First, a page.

The Georgia Bureau of Investigation will examine fragments of two plastic bottle bombs found May 9 in a Fort Oglethorpe neighborhood.
Greg Ramey, special agent in charge of the agency's 12-county Region 1 office in Calhoun, said the GBI will process the plastic shards that Fort Oglethorpe police collected in the 100 block of Van Cleve Street about half a mile away from the police station.
"Folks are sometimes sloppy and leave fingerprints on stuff," Ramey said.
The bombs consisted of two 2-liter plastic soda bottles in which chemicals were mixed with aluminum foil.
Such homemade explosives go by a variety of names. One is "The Works," for an inexpensive toilet bowl cleaner of that name that reacts with aluminum foil and causes the bottles to explode loudly. The blast releases hydrochloric acid and foil stripped of the protective wax it's coated with -- both of which can burn skin.
The Internet abounds with videos showing such bombs being set off for fun.
But police warn that these "overpressure devices" are unpredictable and can burn, maim and even blind an unsuspecting person who picks one up before it detonates -- or the person making the bomb.
"They're just dangerous. They're not safe," Chattanooga Police Bomb Squad Commander David Woolsey said. "People can be hurt."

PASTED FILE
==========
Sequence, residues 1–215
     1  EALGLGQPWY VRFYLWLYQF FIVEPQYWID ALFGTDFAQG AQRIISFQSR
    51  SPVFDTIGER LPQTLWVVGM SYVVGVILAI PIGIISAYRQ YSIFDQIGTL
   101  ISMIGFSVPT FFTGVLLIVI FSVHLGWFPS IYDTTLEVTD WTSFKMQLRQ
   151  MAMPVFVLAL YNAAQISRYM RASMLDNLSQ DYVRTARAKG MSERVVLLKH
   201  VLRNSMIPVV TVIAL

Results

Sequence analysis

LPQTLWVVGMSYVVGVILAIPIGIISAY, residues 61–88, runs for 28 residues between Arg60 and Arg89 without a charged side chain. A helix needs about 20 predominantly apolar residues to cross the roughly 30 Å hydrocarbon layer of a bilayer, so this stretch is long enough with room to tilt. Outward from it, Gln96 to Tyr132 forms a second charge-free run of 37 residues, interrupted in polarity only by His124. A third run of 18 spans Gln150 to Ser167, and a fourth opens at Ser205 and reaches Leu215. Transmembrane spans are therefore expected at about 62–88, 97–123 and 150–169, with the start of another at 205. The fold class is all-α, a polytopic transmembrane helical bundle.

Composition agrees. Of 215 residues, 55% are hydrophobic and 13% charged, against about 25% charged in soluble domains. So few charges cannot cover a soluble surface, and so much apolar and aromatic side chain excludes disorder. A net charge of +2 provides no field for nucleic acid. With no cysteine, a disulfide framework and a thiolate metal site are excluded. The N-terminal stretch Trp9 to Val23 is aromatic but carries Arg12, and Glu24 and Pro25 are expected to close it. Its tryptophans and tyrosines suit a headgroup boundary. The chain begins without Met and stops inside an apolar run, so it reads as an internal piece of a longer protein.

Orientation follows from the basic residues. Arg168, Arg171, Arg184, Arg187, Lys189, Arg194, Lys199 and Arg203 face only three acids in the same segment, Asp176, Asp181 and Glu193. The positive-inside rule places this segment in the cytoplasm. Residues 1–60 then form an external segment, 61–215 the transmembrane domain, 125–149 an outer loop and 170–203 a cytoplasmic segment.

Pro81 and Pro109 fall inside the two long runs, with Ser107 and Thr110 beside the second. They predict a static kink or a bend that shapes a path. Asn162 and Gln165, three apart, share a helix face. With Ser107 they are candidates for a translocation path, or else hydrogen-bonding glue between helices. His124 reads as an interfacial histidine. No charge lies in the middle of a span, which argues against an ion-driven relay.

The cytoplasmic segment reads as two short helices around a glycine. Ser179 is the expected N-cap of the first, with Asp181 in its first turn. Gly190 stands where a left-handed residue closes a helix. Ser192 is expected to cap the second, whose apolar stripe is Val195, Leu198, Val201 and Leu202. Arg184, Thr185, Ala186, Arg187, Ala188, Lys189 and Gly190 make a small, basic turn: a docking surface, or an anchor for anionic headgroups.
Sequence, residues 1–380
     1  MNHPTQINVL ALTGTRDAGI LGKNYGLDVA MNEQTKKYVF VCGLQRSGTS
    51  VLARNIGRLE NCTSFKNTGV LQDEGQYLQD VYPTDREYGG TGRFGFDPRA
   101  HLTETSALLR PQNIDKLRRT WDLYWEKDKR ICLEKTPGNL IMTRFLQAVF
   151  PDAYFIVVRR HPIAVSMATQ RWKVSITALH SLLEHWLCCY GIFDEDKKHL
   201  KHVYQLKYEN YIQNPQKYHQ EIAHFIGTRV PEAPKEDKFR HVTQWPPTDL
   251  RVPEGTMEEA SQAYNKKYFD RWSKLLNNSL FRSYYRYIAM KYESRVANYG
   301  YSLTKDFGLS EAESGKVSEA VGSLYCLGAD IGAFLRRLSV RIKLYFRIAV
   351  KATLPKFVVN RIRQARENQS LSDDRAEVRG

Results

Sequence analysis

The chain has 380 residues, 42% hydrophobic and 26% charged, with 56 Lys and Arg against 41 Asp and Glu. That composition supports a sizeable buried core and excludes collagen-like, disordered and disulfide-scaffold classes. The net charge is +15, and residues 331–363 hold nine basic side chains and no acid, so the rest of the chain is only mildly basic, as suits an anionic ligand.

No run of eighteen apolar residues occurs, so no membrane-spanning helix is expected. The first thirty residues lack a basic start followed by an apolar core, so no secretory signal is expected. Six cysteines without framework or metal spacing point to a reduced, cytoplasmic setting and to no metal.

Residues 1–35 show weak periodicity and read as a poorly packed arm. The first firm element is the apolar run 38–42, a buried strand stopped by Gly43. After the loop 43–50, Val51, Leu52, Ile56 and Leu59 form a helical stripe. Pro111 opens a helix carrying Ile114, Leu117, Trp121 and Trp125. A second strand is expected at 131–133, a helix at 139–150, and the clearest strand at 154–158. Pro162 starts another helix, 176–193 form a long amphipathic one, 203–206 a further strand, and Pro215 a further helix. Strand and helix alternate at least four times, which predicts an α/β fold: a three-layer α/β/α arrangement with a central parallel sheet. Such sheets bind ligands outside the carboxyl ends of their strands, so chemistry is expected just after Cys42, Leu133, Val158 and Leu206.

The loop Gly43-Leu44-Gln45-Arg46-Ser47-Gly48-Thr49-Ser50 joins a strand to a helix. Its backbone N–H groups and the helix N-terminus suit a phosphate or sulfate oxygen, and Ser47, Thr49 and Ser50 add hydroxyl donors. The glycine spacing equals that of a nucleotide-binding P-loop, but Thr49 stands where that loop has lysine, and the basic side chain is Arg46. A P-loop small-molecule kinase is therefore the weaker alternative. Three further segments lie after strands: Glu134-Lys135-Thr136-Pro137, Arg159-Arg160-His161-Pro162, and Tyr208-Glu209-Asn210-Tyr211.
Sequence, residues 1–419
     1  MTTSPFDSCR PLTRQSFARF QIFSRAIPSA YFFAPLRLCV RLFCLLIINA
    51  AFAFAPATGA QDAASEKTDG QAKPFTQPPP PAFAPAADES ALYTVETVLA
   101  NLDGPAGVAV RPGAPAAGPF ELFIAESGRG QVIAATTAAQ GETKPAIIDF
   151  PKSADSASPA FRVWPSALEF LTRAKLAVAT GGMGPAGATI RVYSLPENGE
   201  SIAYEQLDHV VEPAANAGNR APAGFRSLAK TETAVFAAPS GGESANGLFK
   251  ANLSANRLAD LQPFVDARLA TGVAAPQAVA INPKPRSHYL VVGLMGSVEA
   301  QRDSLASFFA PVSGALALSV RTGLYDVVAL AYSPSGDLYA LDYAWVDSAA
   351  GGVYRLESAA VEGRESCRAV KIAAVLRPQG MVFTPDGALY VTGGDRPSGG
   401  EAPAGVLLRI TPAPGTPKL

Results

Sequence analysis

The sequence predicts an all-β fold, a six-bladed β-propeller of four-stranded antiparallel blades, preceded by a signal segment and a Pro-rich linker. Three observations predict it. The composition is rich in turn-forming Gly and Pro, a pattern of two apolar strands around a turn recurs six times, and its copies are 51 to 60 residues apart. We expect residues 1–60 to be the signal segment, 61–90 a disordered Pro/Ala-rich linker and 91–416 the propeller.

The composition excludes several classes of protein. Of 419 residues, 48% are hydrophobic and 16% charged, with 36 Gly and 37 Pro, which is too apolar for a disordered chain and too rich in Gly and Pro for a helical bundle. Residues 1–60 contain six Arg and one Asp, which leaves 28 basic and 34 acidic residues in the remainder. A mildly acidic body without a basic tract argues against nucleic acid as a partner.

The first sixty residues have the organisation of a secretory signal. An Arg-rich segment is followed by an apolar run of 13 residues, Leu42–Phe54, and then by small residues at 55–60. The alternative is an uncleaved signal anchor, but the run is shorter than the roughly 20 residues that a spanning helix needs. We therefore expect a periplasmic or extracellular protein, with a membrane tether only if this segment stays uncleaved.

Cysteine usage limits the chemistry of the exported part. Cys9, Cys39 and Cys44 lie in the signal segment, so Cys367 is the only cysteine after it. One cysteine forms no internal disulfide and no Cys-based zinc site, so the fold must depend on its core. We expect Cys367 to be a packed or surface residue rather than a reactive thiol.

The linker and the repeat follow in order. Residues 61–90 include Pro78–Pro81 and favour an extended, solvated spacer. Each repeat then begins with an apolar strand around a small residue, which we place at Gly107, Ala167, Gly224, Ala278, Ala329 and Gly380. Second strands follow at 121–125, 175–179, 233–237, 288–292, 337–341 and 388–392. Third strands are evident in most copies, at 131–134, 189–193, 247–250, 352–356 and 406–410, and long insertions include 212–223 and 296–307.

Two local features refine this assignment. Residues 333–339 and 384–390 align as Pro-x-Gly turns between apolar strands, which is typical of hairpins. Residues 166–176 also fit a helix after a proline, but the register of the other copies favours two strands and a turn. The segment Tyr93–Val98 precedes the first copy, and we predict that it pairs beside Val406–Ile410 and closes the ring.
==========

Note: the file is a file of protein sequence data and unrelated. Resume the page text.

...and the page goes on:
Temperature is one variable that can lead to injuries, he said.
When it's 40 degrees outside, the bomb might not even go off, he said. But if it's 90 or 95, Woolsey said, "It's likely to go off while you're holding it."
"These are very, very temperature-sensitive," Woolsey said.
The Fort Oglethorpe devices may have been set off by teens as a prank, Ramey said, or they could have been the handiwork of someone with a grudge.
"It's hard to speculate," Ramey said. "You won't know until you get in and investigate it."
Fort Oglethorpe Interim Police Chief Jeff Holcomb couldn't be reached for comment Friday afternoon.
Contact staff writer Tim Omarzu at firstname.lastname@example.org or 423-757-6651.
Tim Omarzu covers Catoosa and Walker counties for the Times Free Press. Omarzu is a longtime journalist who has worked as a reporter and editor at daily and weekly newspapers in Michigan, Nevada and California. Stories he's covered include crime in blighted parts of metro Detroit and Reno, Nev.; environmental activists tree-sitting in California's Sierra Nevada foothills; attempts by the Michigan Militia to take over a township¹s government in northern Michigan. A native of Michigan, ...